The state government of NSW has reinforced its position on driverless technology, committing to a new “Centre of Excellence” for autonomous cars in an effort to claim its stake as a leader in innovation.
One of Australia’s economic leaders, the state will also play host to an autonomous vehicle summit this coming October, thanks to an agreement inked between Transport for NSW and the Australia and New Zealand International Driverless Vehicle Initiative (ADVI).
The move will assist the state in becoming an “automated vehicle mecca”, which ADVI chief Rita Excell says demonstrates the state’s forward thinking on advanced driving technologies.
“ADVI and our partners are very excited about this opportunity to align more closely with the work being undertaken in NSW to ensure the focus moves beyond limited trials and deployments to achieving true commercialisation of this technology as already seen in other parts of the world,” Excell said in a statement.
“This new collaboration takes the introduction of automated vehicles onto our roads to the next level and is sure to attract national and global attention,” she says.
The summit that will take place in October 2019 is expected to draw unprecedented interest in autonomous driving tech and put Sydney on the international stage.
“Transport for New South Wales has an ambitious and comprehensive program of works in place to best prepare the state for a world where driverless vehicles share the road, and they have ensured that this technology is at the very heart of its long-term transport vision – and ADVI is pleased at the opportunity to be part of that exciting journey,” Excell said.
“Future Transport 2056 is the first Strategy of its kind focused on harnessing the rapid advancement driverless technology and innovation across NSW’s transport system to transform the user experience, improve communities, and boost economic performance.”
The announcement of the Centre of Excellence comes just ahead of the NSW state election, and in contrast to the state opposition is focusing its innovation and transport-based policies on reducing vehicle emissions.
NSW Labor Minister for Innovation and Better Regulation Yasmin Catley said to The Driven yesterday that it will be focusing on improving the state’s electric car charging infrastructure with a $10 million investment over 3 years, to provide 50 more charging sites, the locations for which will be decided in collaboration with the NRMA.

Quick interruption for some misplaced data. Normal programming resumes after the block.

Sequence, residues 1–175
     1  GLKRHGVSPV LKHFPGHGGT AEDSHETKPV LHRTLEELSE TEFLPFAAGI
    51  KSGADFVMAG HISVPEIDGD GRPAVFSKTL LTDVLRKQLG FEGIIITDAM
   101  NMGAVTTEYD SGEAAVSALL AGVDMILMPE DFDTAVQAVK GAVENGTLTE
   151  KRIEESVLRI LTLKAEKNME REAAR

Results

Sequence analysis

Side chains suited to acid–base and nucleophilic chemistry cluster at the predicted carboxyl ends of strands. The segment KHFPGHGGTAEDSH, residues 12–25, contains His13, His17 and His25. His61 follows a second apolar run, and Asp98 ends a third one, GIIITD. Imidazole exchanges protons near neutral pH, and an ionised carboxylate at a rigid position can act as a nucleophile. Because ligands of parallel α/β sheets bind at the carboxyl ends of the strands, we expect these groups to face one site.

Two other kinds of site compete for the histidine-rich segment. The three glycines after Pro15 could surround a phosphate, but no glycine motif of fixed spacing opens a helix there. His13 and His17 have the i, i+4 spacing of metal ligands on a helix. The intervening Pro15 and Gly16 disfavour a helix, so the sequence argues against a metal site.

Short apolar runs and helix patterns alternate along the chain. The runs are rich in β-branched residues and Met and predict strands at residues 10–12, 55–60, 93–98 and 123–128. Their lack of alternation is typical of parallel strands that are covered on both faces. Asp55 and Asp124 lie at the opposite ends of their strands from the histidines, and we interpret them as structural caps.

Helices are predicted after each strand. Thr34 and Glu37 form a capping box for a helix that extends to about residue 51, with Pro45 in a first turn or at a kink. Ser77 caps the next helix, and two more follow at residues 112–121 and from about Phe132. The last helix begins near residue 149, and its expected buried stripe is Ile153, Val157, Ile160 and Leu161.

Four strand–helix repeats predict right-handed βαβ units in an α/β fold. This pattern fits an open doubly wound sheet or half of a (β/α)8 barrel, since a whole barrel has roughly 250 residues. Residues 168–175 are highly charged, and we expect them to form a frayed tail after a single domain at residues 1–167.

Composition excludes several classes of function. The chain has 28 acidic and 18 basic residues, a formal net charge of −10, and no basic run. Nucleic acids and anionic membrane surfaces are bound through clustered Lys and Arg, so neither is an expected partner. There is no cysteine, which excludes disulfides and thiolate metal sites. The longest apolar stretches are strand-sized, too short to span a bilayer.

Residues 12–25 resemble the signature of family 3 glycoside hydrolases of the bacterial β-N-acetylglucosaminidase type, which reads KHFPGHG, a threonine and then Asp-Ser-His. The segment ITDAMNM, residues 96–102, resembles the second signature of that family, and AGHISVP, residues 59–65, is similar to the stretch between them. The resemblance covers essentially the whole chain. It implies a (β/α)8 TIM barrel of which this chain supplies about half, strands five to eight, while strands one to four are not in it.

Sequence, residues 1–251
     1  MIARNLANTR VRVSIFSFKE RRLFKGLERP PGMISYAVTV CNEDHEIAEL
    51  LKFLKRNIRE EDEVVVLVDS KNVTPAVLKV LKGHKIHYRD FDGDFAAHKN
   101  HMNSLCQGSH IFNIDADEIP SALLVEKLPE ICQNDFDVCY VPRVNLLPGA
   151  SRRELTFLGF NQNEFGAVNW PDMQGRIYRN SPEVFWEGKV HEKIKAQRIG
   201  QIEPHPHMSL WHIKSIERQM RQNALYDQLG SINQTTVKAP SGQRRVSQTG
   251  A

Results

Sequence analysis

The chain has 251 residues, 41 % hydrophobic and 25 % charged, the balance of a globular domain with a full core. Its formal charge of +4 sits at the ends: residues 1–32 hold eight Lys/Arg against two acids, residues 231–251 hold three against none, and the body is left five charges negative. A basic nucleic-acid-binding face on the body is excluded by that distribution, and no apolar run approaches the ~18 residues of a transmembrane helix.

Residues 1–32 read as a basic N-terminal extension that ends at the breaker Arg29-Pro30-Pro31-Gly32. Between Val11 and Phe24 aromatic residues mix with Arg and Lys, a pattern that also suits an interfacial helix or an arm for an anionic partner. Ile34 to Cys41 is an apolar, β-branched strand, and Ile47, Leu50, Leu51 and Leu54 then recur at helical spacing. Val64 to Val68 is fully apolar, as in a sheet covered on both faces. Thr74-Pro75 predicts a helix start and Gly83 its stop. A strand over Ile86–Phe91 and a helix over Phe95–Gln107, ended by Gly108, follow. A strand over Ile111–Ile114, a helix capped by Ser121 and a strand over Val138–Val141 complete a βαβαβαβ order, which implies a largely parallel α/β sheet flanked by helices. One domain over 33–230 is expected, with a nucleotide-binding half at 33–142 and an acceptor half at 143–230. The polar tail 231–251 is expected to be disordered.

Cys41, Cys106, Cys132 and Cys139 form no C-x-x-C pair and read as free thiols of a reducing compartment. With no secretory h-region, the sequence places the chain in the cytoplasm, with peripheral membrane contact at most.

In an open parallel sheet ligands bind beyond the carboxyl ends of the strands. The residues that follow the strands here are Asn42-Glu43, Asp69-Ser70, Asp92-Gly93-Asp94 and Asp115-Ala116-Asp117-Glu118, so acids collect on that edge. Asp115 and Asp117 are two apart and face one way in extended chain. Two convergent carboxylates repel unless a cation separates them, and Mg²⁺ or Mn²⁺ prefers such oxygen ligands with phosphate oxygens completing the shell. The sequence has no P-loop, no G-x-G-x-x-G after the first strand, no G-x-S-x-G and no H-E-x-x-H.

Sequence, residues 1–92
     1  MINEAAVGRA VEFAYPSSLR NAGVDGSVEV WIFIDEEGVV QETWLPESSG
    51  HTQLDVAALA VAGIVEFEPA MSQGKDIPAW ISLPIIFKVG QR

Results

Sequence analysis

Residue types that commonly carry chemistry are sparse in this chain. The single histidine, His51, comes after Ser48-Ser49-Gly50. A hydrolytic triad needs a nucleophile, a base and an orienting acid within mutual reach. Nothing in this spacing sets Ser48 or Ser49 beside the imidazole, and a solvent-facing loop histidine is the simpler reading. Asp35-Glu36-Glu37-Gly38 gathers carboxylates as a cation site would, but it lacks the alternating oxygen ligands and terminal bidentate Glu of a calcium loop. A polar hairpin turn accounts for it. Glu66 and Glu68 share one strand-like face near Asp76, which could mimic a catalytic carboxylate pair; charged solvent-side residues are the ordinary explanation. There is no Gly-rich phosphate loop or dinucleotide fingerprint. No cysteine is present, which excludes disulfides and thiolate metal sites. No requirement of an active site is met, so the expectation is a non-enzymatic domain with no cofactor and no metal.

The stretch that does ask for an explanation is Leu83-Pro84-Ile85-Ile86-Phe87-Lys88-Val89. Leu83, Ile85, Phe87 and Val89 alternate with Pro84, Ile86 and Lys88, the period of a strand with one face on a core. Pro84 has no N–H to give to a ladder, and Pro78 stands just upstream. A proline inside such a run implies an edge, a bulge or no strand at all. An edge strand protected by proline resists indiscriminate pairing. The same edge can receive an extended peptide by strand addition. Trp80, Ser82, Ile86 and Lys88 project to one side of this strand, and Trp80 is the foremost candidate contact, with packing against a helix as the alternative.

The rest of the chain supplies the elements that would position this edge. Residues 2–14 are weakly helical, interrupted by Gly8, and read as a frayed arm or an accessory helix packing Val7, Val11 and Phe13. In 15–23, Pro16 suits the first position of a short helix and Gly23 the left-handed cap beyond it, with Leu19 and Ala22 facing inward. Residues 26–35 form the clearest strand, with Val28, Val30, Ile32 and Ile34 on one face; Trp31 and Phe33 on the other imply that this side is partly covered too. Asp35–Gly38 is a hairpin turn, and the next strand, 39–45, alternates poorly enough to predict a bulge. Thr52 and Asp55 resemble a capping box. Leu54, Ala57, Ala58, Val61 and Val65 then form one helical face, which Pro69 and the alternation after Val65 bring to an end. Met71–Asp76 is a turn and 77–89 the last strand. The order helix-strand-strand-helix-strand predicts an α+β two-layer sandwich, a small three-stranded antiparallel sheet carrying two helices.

“We are also committing $1 million towards a community education campaign to enable a cultural change of operating and charging electric cars, and knowing where they can be recharged,” Catley says.
In addition, NSW Labor says it will put in place a target of 25 per cent of the state’s fleet to be electric by 2025, and amend building regulations such that all new apartments will have a ratio of one electric car charger per 10 units, with a similar target for buildings like shopping centres.
This is in contrast to the current LNP government’s own EV strategy that was announced in January, promising a $3 million co-investment towards charging infrastructure along regional corridors, $2 million for chargers in commuter carparks and a commitment to develop guidelines for charging standards and installation of EV chargers in service centres.
Independent and ex-Green member Jeremy Buckingham is also gathering forces in the lead up to the election, with an Upper House ticket announced today teeming with names from across the environmental spectrum.
Buckingham left the Greens in December 2018 citing a “rotten and corrupt” culture.
“My team and I are not political insiders, we’ll call it as we see it and will hold all sides of politics to account in the best interests of people, wildlife and our environment. We’re looking forward to working hard for a better, healthier future,” he said.
Buckingham has also made strong statements in regard to his stance on electric vehicles, calling for a comprehensive electric vehicle strategy that includes a wide range of measures designed to accelerate the uptake of electric vehicles in NSW.
Bridie Schmidt is lead reporter for The Driven, sister site of Renew Economy. She specialises in writing about new technology and has been writing about electric vehicles for two years. She has a keen interest in the role that zero emissions transport has to play in sustainability and is co-organiser of the Northern Rivers Electric Vehicle Forum.